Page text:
The thermal behaviour of the intercalation complex of a dickite from Tarifa, Spain, with dimethylsulfoxide was studied by
high-temperature X-ray diffraction, differential thermal analysis and thermogravimetry, and attenuated total reflectance infrared
spectroscopy. The ATR-FTIR study indicated that the heating between room temperature and 75C produced the elimination of
adsorbed molecules. Above this temperature the elimination of intercalated molecules occurs through several stages. Loss of
6.5% of the intercalated DMSO first causes a slight contraction of the basal spacing at 90şC due to a rearrangement of the
DMSO molecules in the interlayers positions. This contraction is followed by the formation of a single layer complex and the
restoring of the dickite structure, at 300C, when the loss of intercalated species have been completed.
dickite from Tarifa (Spain) was used to study the influence of the intercalation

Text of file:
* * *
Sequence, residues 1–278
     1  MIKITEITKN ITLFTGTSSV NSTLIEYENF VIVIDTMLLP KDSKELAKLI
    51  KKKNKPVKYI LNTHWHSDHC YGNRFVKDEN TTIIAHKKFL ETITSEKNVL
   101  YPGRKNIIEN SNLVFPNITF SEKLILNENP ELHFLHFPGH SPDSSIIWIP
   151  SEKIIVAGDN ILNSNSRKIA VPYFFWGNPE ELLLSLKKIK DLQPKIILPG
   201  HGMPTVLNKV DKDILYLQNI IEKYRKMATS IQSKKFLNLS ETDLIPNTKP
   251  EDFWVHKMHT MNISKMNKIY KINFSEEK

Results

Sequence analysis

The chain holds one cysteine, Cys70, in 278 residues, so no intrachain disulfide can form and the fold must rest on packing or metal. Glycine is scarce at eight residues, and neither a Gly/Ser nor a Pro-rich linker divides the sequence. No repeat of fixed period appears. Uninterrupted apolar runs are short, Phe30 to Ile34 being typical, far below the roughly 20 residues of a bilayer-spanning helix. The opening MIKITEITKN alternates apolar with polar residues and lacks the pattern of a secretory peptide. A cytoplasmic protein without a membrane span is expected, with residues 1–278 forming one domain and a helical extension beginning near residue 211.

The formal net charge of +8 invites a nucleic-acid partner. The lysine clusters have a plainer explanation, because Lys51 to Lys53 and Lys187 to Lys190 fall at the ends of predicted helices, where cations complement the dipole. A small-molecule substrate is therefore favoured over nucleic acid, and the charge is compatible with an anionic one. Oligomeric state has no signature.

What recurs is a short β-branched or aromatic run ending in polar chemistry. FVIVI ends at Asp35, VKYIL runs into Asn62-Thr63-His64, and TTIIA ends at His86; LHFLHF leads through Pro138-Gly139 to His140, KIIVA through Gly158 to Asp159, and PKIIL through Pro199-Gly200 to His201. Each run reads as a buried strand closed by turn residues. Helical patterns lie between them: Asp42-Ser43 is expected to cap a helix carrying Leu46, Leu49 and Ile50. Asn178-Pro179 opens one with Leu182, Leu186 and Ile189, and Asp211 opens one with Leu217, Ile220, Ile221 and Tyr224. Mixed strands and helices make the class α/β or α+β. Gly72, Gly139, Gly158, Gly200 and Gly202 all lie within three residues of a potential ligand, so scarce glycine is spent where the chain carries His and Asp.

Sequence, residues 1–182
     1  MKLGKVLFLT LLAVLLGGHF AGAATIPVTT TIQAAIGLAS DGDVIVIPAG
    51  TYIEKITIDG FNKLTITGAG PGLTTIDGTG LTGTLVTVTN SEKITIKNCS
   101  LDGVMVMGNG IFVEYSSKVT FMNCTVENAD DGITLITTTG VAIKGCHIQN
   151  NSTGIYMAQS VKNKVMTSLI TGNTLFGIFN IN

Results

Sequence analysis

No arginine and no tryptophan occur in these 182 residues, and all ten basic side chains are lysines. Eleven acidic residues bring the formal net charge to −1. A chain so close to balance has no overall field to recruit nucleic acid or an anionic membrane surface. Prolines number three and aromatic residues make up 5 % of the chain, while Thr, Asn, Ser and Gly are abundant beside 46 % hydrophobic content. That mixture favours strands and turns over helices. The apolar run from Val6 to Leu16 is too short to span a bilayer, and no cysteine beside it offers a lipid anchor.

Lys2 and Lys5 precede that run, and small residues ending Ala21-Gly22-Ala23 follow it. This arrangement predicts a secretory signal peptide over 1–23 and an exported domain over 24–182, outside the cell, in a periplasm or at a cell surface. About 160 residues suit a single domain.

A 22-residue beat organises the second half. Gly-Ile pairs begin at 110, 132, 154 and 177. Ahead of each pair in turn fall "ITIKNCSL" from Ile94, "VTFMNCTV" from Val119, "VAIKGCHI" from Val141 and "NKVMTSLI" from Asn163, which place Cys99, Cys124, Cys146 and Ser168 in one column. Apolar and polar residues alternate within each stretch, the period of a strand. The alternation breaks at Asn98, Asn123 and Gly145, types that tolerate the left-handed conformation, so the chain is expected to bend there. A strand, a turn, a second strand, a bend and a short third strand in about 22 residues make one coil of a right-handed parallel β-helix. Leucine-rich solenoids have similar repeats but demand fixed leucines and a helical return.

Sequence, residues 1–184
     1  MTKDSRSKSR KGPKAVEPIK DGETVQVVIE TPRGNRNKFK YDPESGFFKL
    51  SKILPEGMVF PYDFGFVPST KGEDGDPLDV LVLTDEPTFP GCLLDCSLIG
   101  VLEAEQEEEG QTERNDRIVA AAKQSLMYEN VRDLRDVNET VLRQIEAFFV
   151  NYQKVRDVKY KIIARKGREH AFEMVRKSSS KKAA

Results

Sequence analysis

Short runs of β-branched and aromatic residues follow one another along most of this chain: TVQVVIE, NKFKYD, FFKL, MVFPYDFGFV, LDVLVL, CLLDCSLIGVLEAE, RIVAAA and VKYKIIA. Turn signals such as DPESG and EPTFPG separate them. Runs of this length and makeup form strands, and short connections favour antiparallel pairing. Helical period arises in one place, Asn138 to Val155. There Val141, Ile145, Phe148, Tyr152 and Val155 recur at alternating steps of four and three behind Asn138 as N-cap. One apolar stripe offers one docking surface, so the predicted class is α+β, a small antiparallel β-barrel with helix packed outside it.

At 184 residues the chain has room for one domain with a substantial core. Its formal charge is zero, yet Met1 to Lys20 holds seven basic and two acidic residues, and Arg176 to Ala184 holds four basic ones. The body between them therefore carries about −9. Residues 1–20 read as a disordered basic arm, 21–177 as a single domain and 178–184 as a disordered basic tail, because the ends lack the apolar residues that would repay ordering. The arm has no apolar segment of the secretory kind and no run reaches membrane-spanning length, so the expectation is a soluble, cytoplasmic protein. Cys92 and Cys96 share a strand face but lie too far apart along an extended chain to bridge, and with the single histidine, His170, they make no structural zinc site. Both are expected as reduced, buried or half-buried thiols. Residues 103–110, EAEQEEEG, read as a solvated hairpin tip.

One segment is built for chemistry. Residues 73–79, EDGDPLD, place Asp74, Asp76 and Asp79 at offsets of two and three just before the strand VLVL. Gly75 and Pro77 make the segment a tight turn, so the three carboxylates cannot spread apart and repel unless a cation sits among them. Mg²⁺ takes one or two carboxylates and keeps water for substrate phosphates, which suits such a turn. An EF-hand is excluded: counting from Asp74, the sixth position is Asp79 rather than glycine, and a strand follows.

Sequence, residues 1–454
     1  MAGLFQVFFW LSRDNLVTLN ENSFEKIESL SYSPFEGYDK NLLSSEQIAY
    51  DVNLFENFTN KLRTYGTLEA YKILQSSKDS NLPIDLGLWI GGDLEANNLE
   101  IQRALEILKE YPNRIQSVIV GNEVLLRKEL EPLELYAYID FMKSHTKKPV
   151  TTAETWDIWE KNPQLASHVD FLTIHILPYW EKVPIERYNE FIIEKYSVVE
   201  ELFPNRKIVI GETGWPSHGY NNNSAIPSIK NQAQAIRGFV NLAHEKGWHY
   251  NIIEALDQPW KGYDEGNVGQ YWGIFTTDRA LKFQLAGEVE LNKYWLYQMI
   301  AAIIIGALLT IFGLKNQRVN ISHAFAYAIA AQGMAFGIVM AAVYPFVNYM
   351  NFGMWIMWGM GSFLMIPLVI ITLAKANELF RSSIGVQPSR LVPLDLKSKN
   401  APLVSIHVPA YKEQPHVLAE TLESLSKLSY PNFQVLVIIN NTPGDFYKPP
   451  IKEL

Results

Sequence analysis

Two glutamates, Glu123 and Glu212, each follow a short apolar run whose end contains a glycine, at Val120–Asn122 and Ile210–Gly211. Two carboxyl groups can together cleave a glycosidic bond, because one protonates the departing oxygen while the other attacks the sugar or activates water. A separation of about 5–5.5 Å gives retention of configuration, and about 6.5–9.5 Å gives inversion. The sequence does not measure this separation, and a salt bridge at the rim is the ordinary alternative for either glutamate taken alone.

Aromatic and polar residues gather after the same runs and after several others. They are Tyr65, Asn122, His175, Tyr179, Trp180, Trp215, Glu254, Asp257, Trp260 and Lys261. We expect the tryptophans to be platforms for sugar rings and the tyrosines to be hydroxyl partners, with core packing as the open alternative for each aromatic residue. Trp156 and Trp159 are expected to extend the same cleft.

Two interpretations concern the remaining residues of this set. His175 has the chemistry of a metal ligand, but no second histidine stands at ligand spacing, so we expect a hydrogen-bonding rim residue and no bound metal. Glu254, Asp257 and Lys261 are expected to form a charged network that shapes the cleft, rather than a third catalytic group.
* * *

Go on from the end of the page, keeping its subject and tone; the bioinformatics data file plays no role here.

and the later deintercalation of hydrazine on the dehydroxylation process.
The dehydroxylation of the untreated dickite occurs through three overlapping
endothermic stages whose DTA peaks are centred at 586, 657 and 676C.
These endothermic effects correspond, respectively, to the loss of the inner-surface,
the inner hydroxyl groups, and the loss of the water molecules, product of
dehydroxylation process, which has been trapped in the framework of the dehydroxylated
The intercalation of hydrazine in the interlayer space
of dickite and the later deintercalation affect the dehydroxylation process.
It occurs through only two endothermic stages which DTA peaks are centred
at 575 and 650C. The first corresponds to the simultaneous loss of both
the inner and the inner-surface hydroxyl groups, whereas the second one is
analogous to that at 676C observed in the DTA curve of untreated dickite.
These effects appear shifted to lower temperatures compared to those observed
in the untreated dickite.